capacity over existing fibre networks, lower overall link engineering costs - through greater ease of use - and a multi-vendor ecosystem thanks to the focus on generating interoperable standards through global communications standards bodies,” Bower says. EVOLUTION Evolving form factors to address changing markets are taking shape too. CompoundTEK and Nanyang Technological University (NTU) in Singapore are combining different technologies to address market needs. KS Ang, chief operating officer at CompoundTek, says, “There are many ways to build a tuneable laser. What sets our technology apart is the ability to integrate with Silicon Photonics (SiPh) devices which offers low propagation loss and high integration densities. In our co-developed solution, the tuneable laser consists of a Ⅲ-Ⅴ gain section and a silicon- based photonic integrated circuit. It is a solid-state laser diode based on integrated optics and will be compact and resistant to environmental vibrations.” Professor Wang Hong, principal investigator for the Silicon Photonics Programme at NTU, adds, “The type of lasers we are developing will be a critical technology in transceivers and co-packaged optics. As with all technologies, miniaturisation and scalability are key. Our Ⅲ-Ⅴ / SiPH hybrid wavelength tuneable laser technology places us in a good position alongside future trends. Of interest to our customers is the possibility of smaller form factors without sacrificing performance and we look forward to delivering on their needs in 2023.” It is clear that a combination of more established and newer tuneable optics players is steadily moving forwards to satisfy the evolving deployment, configuration and operational management needs of telcos, service providers and data centre operators in this growing market.

being valued at almost $7bn, which is impressive for a player specialising in a relatively new market.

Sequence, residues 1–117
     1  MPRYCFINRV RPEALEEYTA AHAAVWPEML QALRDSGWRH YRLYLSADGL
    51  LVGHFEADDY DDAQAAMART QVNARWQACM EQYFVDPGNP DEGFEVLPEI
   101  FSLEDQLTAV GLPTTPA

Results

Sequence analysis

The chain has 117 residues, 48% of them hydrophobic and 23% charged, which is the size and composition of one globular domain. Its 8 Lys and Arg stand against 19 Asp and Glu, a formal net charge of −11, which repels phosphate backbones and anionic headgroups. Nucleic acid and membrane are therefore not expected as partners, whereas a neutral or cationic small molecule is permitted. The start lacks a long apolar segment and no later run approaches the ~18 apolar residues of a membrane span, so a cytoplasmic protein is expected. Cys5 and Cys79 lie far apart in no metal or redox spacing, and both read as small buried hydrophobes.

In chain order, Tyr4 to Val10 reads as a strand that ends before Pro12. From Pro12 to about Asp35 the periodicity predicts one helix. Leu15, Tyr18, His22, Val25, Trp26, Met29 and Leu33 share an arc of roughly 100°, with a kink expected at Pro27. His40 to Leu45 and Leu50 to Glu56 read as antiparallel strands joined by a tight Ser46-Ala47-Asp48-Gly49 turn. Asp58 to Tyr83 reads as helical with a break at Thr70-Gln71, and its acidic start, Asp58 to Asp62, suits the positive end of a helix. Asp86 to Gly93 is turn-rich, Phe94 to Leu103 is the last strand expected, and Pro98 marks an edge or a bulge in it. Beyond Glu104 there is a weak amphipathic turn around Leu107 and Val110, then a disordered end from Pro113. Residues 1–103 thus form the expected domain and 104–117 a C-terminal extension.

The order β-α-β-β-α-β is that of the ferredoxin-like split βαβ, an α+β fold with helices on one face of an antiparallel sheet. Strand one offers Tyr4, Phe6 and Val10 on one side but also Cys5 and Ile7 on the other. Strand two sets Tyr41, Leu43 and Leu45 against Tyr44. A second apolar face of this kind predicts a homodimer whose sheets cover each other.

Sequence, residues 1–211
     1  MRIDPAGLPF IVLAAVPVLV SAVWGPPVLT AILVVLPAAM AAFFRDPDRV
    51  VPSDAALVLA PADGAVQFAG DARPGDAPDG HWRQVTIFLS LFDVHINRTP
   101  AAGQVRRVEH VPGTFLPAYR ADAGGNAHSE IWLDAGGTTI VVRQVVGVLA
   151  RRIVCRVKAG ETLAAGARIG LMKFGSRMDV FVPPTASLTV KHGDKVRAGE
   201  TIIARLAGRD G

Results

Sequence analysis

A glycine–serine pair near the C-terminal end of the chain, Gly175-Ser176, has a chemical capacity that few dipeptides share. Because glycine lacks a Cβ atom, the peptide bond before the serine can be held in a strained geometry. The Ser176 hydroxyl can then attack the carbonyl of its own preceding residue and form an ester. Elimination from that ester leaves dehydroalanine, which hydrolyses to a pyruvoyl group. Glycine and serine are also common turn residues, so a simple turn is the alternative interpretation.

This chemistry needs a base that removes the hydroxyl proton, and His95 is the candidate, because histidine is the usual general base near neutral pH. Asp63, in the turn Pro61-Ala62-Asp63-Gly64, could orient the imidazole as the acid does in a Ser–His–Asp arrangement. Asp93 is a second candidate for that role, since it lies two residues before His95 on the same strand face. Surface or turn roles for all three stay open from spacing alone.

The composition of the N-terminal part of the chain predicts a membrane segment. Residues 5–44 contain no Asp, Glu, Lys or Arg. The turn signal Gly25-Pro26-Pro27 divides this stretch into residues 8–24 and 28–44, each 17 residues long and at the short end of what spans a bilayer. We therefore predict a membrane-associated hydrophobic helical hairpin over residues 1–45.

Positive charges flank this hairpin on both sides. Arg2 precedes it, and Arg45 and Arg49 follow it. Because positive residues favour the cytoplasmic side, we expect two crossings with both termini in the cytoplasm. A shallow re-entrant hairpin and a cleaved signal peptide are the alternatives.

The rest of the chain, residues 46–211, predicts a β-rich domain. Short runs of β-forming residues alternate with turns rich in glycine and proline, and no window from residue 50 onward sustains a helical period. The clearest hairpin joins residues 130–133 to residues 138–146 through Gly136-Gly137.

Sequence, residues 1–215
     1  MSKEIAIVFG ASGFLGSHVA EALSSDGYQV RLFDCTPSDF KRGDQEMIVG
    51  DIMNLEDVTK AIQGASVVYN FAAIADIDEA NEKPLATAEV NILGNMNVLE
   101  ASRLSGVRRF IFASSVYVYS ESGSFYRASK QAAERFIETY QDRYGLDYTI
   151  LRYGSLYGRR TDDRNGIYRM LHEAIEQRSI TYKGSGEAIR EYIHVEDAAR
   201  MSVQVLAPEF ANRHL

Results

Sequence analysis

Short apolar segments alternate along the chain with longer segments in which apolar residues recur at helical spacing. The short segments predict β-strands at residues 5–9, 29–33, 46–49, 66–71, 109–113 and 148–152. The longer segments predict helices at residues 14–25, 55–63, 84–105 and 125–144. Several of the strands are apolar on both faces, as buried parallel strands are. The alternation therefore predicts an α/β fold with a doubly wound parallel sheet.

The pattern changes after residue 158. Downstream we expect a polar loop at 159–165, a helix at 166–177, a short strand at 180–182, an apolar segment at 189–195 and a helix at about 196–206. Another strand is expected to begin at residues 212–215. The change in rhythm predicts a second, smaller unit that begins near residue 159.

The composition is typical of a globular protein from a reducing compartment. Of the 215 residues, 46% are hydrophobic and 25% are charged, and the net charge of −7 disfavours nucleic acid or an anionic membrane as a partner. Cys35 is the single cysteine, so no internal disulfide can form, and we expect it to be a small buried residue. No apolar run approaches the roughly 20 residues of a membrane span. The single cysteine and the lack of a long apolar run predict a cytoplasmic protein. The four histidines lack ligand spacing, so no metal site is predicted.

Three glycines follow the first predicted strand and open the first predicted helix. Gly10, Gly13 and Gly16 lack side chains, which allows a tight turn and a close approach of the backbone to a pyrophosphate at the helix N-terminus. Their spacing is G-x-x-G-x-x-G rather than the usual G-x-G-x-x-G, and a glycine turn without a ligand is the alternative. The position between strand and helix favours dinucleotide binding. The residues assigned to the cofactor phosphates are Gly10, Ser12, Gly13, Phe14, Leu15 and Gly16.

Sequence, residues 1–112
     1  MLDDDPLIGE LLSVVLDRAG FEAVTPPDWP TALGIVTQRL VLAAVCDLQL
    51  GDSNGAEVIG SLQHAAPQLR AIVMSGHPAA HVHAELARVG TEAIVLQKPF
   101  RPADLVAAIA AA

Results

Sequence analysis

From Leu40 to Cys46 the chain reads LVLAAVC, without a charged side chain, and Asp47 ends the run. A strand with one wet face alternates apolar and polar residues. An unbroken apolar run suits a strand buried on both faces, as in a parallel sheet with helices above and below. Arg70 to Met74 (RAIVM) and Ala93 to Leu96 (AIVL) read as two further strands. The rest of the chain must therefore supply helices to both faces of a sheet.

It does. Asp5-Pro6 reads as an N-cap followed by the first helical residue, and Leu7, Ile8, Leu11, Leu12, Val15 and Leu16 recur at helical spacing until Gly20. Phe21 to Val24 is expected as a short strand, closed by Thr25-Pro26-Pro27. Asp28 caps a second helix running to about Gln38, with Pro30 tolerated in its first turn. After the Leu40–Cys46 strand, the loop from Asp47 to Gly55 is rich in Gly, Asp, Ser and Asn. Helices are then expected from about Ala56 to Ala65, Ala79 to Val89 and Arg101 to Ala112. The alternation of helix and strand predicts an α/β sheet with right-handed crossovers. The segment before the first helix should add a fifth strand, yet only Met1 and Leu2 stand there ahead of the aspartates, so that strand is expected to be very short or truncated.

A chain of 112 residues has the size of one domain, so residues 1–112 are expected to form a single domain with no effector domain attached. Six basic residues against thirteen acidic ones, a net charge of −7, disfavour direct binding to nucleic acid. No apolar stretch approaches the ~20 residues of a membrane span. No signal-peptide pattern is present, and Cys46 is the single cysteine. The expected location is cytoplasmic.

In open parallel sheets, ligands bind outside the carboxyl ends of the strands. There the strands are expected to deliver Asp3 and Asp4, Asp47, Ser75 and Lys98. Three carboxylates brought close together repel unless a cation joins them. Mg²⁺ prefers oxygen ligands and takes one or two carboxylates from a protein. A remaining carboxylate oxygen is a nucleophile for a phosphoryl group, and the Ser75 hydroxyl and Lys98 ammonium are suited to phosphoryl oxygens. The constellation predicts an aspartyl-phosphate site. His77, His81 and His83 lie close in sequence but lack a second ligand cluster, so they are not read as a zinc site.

FLEXIBLE ADVANTAGES Joe Mocerino, packet optical

solutions lead at Fujitsu Network Communications, outlines why the tuneables market is growing rapidly. He says, “Tunability provides flexibility of system configuration and ease of inventory management compared to fixed wavelength lasers for reduced Opex. “Legacy DWDM systems using fixed wavelength lasers previously had to assign a spare fixed wavelength laser in the C-band and keep it in their inventory in case of failure of an operating fixed laser.” Smart tuneable optical transceivers automatically self-tune to the correct wavelength without intervention by the host system or a field technician, simplifying operations to ensure fast system turn ups, higher performance and SLA compliance - while reducing the total cost of ownership over the life of the network. INDUSTRY PARTNERSHIPS To serve the needs of customers, partnerships are forming across the industry. HFR Networks and Fujitsu Network Communications, for instance, recently introduced 25G smart tuneable optics for 5G xHaul deployments. The technology is integrated with HFR’s intelligent xHaul RAN transport and edge access solutions. The offering reduces deployment and operational costs while simultaneously supporting 4G LTE, 5G and Ethernet services. “These self-tuning optical transceivers enable 5G applications, automate fast service turn-up and include full operational visibility on xHaul transport links for proactive management of active or passive remote sites,” said Mocerino. Mocerino said intelligent self-tuning optics in this market enable network operators to maximise valuable fibre capacity while saving on space and power at remote sites by using only passive components. “This is critical for operators around the world as they continue deploying additional LTE capacity in parallel with quickly ramping up new 5G services,” he said. Paul Crann, CEO at HFR Networks, confirmed, “By enabling converged 4G/5G services across RAN vendors and overcoming constraints due to limited fibre we are able to simplify operations.” The 5G space for tuneables is a particularly active one. II-VI’s 25 Gbps wavelength-tuneable transceivers, for instance, meet the CPRI 10 standard for 25 Gbps front-haul links in a standard SFP28 pluggable form factor.

Patricia Bower, Ciena

Joe Mocerino, Fujitsu Network Communications

Matthias Berger, II-VI